to remind myself to sit, think and write.
Here is the next Chapter.
As I walked down the driveway, sure enough Mrs. Westgate, flew by driving her beater 1998 4 door Chevy. Despite collecting on her husband's life insurance policy, she and Melody continued to live in the rented house on Cherry Street. Months ago, I asked, “Why don't you move back to Ice Glen? That way there we would be neighbors.” Their old house was still abandoned and boarded up. Melody's answer, “Too many memories.” I guess there would be.
“Hey, Sarah – wait up.”
It was Jeff, running to catch up with me. Lately I'd noticed his shoulders broadening and his voice getting deeper. Puberty hits us all. I stopped and waited. “What's up?”
“Did you study for Math? Quiz today, you know.”
This year, instead of being a latch key kid at his own monstrous house with wings and a gated driveway, Jeff was a fixture to our beastly farmhouse complete with leaning barn. At first it was on a drop in basis. Then he became a regular, to the point of pouring Molly her glass of milk and knowing where the cookie tins are kept.
Mom noticed when he was there, no homework was getting done, so she laid down the law. “Come over all you want. Eat cookies, fruit, drink milk or juice – but you will do your homework.” Not two days into the new plan and we all knew Algebra to Jeff was as welcome as mud on an Easter dress. Mom, being Mom, tutored him. It was embarrassing the way she'd light up when he walked in the house. “Any math today?” It wasn't a weird thing, between Mom and Jeff, it was a weird thing between my mom and algebra. But, when she left, he stopped studying.
“You know, they're not grading my mom. It's you, your grades. She's not coming back until...” I couldn't say it. But I knew she wouldn't be back until either Mrs. Marché made a miraculous recovery or she passed away. Mrs. Marché had no other biological family and they were closer than sisters.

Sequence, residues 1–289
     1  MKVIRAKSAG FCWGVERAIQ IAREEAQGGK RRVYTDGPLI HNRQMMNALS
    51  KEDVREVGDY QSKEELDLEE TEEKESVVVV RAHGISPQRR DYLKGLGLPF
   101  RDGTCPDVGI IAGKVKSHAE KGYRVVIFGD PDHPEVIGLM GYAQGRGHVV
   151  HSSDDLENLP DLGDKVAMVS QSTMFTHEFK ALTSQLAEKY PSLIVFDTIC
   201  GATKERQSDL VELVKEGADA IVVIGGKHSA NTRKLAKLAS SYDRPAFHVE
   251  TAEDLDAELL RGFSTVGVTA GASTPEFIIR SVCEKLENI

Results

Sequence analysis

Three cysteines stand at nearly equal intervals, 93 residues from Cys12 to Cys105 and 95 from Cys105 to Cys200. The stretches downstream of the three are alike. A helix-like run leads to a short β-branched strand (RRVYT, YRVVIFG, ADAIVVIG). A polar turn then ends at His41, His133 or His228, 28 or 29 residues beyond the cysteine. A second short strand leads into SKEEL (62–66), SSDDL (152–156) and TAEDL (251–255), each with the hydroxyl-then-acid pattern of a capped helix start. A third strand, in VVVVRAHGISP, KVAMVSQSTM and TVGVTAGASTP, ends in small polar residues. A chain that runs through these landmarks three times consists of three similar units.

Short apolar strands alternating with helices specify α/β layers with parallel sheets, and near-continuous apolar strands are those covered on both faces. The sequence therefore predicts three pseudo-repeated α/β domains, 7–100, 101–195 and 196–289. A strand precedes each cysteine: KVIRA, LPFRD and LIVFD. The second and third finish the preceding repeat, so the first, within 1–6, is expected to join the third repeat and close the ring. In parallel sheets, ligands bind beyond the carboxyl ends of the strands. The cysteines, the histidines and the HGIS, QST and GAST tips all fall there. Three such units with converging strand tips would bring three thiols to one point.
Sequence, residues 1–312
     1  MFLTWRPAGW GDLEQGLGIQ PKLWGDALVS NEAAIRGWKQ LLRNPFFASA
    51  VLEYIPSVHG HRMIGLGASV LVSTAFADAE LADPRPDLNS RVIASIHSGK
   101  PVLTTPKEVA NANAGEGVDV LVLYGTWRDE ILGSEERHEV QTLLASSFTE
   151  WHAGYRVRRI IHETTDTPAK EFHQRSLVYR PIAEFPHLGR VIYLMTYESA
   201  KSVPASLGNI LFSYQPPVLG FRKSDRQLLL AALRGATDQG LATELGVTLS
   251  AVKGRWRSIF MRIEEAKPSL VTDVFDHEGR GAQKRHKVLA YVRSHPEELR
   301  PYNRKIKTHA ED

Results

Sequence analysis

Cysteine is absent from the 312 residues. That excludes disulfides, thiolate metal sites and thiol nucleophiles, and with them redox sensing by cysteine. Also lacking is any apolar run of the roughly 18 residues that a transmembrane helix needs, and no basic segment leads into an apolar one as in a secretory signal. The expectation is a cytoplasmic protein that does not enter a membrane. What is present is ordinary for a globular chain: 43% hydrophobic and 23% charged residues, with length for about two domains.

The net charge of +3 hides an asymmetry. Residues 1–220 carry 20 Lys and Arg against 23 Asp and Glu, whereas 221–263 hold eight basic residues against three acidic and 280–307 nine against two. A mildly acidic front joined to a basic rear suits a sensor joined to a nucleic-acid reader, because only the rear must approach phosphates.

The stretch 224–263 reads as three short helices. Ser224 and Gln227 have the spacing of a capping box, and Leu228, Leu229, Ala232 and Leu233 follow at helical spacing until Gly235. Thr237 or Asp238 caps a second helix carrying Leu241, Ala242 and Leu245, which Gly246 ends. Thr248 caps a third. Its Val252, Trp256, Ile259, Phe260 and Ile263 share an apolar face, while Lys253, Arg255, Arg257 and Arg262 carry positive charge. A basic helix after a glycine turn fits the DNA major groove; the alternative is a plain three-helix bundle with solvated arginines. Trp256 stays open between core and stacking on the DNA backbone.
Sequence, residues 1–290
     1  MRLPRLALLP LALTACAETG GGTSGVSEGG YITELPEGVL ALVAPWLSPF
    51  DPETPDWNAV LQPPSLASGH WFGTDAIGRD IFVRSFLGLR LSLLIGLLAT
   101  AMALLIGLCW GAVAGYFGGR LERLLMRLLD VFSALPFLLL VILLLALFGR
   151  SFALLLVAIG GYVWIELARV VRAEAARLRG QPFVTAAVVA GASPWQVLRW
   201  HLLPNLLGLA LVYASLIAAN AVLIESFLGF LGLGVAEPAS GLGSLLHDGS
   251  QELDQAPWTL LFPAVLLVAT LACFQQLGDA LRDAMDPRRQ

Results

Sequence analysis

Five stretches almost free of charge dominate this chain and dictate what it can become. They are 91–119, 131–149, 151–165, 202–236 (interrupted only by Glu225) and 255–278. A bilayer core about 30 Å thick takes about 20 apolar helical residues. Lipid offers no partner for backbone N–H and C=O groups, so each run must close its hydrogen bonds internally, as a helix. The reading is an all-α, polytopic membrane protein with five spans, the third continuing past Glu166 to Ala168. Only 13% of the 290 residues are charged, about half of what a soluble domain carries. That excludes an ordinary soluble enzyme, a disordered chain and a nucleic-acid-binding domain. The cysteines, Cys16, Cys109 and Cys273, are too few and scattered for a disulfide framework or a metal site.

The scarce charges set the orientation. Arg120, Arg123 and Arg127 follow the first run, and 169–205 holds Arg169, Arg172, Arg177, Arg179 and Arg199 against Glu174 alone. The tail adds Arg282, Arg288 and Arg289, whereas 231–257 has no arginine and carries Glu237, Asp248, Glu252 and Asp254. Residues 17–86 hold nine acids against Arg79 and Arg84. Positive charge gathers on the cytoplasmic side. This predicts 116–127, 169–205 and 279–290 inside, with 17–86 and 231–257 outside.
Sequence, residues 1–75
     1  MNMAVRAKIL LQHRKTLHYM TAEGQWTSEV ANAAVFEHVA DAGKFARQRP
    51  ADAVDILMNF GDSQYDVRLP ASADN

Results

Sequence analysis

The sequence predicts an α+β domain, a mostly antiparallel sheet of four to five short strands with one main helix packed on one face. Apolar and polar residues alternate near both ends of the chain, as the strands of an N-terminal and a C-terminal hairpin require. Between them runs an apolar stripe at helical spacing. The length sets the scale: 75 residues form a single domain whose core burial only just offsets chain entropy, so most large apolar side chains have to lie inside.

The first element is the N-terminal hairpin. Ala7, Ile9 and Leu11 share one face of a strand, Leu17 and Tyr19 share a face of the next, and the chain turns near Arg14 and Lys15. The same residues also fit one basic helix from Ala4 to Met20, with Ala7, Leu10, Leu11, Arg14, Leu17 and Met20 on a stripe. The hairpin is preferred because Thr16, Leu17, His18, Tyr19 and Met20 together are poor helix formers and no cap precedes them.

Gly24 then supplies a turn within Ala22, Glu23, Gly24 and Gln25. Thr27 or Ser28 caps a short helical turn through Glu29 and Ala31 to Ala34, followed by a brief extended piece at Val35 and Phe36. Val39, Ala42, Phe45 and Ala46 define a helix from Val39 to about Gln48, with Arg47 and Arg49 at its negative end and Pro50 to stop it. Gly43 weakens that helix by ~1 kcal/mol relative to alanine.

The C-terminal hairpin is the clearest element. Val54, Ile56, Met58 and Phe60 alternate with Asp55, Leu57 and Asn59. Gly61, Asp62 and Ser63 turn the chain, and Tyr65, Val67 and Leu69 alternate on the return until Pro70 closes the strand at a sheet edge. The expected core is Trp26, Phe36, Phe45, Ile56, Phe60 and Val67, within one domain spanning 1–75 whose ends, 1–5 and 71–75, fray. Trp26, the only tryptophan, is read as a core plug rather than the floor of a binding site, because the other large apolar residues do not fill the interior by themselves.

Jeff broke into my timely revelation. “My grades are fine. I know what's going on.”
I scoffed, “Are you saying you're a late blooming algebra wiz?”
He didn't answer. We both knew the truth of the matter. I changed the subject. “Is your dad back? Where was he, Bangkok?”
If looks could kill, it would be my burial. “Yes, and no. He left again for London. Some marketing mix up.”
“But I thought your mom was heading for New York today.” I was just about to ask, who was home with him, when the bus pulled up to the stop and we had to run for it.
On the bus, Jeff sat with his tagging cronies, but shot me a playful glance as I squeezed into an empty seat four seats behind him. As we jostled to school, I replayed the scene of getting on the bus. Jeff's whole demeanor changed. His chest pumped up, filling his expanding shoulders. His eye lit up, as he swaggered down the aisle. He never showed them the softer side I had come to know.
Five minutes till the late bell sounded, Melody rushed past me, heading for her locker ten down on the other side of the hall.
I knew she was in the building somewhere. Her Mom dropped her off, before racing over to our house. “Where have you been?” I shouted over the hallway din.
“Mr. Cheever's office...”
The Principal, what now? “You're Jeff in drag?”
Slamming her locker door, Melody shot back, “What do you mean by that?” The immediate hallway around us went quiet.
Still going through my books, I murmured, so not to bring anymore attention to our conversation, “I mean, Mr. Cheever might as well put a revolving door on his office. My two best friends are in there constantly.”
“Well this time you've got it all wrong. I was in there getting a recommendation letter. My mom thinks I should go to Allbright's Summer Program for Girls.”
Allbright's was for brains, girls heading to college. My folks had been trying to push me to go, but I was holding out for a summer time of fun at home. Fun and Allbright's were rarely ever mentioned in the same breath. “Since when are you going there?”
“Since I got a scholarship. Come on we're going to be late for homeroom. I'll tell about it later.”
But at the end of the day, Melody wasn't of the bus. There was no face to face telling, only late night texts.
Late Night Texts
YIKES! 4 brainiacs
ans for 24?
x = 4 y= 3